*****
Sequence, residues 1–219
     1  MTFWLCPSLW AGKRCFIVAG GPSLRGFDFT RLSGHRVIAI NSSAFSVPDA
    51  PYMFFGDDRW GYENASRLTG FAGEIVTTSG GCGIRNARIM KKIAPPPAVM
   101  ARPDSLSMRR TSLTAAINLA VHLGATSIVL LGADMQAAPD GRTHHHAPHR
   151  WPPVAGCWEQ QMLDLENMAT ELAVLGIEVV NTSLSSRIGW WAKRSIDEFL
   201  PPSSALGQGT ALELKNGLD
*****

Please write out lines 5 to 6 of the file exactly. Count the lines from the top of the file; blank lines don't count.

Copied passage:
   151  WPPVAGCWEQ QMLDLENMAT ELAVLGIEVV NTSLSSRIGW WAKRSIDEFL
   201  PPSSALGQGT ALELKNGLD